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ALBUM REVIEW: Lindsay Ell – ‘heart theory’



Lindsay Ell is back with her sophomore album, ‘heart theory’, the follow-up to ‘The Project’ way back in 2017. It’s been a long time coming, and it’s clear this collection has been a true labour of love for Lindsay, having been given a great amount of creative freedom to express her mindset at this point in her life and career. Whilst the debut was a showcase for Lindsay’s immense musicianship, ‘heart theory’ takes on a whole new level of maturity and bravery, seeing Lindsay dive into much deeper waters with her storytelling.

The tracklist has been intricately designed to take the listener on a journey. ‘heart theory’ is a concept album which explores the seven stages of grief: shock, denial, anger, bargaining, depression, testing, and acceptance. With the help of acclaimed songwriters like Brandy Clark, Laura Veltz and Nicolle Galyon, just to name a few, Lindsay has drawn from personal experience to craft a thoroughly compelling collection, full of the ups and downs one feels in the different stages of a relationship, and subsequent breakup.

“If theory is the science of music, heart theory is the science of a heart. I hope this roadmap can be a comfort if you need it, reassurance when you need to remember to believe in yourself or maybe just a glimpse into a memory that’s made you who you are.” 

The album kicks off with the brief ‘shock’ stage, with ‘Hits me’, written alongside Tyler Hubbard and Corey Crowder, a long-time collaborator of Florida Georgia Line. You could be forgiven for jumping to conclusions, given the co-writers, however this is very much a Lindsay Ell song, harking back to the haunting, electronic vibes of ‘Castle’, a personal favourite from the debut album. A brilliant, funky opener that portrays the bewilderment of that initial realisation that a relationship just isn’t going to work any longer.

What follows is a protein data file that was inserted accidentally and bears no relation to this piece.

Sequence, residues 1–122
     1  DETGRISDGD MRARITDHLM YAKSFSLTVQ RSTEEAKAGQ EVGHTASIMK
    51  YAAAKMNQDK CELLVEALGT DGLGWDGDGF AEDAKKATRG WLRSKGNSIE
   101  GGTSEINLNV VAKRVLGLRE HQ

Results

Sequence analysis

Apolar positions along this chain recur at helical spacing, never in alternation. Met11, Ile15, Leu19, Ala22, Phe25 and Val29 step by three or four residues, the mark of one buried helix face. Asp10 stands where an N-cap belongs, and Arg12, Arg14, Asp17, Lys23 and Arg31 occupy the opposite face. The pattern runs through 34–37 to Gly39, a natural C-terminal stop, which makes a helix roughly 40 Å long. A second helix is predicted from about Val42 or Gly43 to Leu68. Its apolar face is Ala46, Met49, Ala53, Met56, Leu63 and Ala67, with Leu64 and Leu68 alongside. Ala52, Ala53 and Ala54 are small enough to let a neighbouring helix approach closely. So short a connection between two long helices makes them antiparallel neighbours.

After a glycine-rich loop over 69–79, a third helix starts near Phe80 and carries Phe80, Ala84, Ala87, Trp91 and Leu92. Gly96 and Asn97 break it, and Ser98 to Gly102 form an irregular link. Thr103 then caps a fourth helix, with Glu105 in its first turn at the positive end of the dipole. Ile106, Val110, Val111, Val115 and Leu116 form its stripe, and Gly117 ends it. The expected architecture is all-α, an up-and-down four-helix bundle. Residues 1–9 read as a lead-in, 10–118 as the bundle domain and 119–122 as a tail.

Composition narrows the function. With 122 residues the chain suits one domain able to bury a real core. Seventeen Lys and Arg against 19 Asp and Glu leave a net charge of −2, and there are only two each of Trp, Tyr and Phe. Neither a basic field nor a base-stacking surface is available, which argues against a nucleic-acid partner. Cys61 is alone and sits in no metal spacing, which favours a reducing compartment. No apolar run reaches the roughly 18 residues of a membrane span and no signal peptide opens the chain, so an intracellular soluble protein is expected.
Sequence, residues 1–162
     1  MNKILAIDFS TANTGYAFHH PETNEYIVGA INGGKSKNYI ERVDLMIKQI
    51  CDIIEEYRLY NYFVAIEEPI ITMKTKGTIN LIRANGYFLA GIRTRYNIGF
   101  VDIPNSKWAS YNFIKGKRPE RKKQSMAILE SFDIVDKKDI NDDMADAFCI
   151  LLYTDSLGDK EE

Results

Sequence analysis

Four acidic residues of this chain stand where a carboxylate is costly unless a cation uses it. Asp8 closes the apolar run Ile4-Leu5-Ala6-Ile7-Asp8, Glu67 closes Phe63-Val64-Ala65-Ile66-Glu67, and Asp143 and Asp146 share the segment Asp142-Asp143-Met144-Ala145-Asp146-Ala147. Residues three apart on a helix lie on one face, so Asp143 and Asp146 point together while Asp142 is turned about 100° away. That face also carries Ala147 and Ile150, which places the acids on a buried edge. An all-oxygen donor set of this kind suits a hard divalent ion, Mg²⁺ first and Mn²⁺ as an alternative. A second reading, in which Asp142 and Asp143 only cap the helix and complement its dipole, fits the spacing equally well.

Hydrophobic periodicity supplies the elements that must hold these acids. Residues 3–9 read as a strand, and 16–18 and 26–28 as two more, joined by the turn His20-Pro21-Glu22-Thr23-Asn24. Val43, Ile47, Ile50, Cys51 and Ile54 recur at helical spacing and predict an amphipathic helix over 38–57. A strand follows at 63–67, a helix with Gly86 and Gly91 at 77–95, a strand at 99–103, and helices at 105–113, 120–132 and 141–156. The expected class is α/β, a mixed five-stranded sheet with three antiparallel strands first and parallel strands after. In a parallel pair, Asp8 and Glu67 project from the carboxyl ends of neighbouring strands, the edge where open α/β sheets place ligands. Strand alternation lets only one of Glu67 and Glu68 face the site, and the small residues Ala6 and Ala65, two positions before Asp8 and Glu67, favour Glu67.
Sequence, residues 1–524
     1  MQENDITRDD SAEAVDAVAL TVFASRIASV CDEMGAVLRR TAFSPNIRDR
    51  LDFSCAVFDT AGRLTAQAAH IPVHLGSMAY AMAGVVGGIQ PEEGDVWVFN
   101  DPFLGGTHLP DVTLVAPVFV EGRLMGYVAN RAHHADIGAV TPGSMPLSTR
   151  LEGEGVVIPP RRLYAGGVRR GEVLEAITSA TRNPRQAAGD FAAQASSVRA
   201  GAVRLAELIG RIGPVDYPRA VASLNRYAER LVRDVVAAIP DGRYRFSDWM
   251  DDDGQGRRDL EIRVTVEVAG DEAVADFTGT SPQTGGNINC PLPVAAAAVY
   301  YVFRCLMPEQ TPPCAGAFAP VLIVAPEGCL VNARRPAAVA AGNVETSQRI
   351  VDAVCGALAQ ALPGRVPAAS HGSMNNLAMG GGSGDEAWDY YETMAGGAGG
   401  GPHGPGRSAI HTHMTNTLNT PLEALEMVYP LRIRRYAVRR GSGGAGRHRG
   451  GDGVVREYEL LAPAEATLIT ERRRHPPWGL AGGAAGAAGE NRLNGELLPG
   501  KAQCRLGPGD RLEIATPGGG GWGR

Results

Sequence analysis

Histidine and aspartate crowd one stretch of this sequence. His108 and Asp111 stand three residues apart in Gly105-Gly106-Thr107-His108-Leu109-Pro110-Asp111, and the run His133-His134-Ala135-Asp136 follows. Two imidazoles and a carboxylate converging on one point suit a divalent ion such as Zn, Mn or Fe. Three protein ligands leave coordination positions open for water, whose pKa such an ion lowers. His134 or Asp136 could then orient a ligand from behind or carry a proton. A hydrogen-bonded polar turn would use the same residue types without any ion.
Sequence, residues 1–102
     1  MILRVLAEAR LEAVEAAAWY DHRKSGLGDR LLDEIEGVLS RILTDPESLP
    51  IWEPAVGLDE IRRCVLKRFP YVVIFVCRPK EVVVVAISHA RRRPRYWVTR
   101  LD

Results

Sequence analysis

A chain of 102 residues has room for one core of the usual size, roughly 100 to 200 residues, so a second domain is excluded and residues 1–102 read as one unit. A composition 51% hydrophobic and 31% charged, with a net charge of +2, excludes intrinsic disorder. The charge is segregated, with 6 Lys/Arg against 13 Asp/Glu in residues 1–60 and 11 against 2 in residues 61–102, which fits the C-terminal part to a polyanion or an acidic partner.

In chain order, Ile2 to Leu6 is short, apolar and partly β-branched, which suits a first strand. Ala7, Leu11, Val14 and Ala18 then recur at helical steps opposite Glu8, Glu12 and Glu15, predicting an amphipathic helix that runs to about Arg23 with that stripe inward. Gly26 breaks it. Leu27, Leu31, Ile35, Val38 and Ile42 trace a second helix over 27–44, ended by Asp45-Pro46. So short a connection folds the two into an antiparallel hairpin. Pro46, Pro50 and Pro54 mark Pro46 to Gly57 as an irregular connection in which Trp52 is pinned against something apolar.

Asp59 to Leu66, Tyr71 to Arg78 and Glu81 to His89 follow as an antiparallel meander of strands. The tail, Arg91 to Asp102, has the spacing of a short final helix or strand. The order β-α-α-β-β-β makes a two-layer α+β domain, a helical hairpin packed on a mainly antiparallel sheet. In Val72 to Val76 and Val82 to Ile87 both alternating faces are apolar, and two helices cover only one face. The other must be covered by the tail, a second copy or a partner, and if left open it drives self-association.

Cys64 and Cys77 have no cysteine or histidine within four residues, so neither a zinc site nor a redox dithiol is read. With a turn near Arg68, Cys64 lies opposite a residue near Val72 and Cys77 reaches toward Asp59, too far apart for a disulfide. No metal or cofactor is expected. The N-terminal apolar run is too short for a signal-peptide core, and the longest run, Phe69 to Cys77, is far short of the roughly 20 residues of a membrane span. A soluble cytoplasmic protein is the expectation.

Moving into the ‘denial stage’, we have the first of two Brandy Clark co-writes, ‘how good’, a lovely, pop-infused offering that approaches a difficult stage with a playful feel. It sets the tone, sound-wise, for much of the album; a hugely accessible, mainstream vibe that sees a shift from the alternative elements to her debut project. These songs don’t need any growing time, they connect instantly. This is followed up by ‘i don’t lovE you’, the lead single, which is interestingly the only track Lindsay didn’t have a hand in writing. This Adam Hambrick, Melissa Fuller and Neil Medley creation is one of the most powerful, heartbreaking moments on the album, and deserved so much more success than it garnered commercially. 

Next, we have the ‘anger’ stage, starting with the sassy ‘wAnt me back’, sticking two fingers up to the ex with a message of ‘you were lucky to have me’. It’s the album’s second single, and sounds like a sure-fire country radio hit; killer lyrics, and an infectious pop-country melody packed full of soaring electric guitars. In terms of the production throughout this project, Dann Huff has absolutely nailed it, and discovered a sound that works impeccably for Lindsay. ‘get oveR you’ follows in a similar, accusative vein, filled with frustration and anger. ‘wrong girl’ is an intriguing one; a shift in sound from the rest of the album with that thumping back beat and fast-paced lyrics, it’s a defiant message of self-confidence, and a refusal to be played with at the ex’s leisure. Powerful stuff.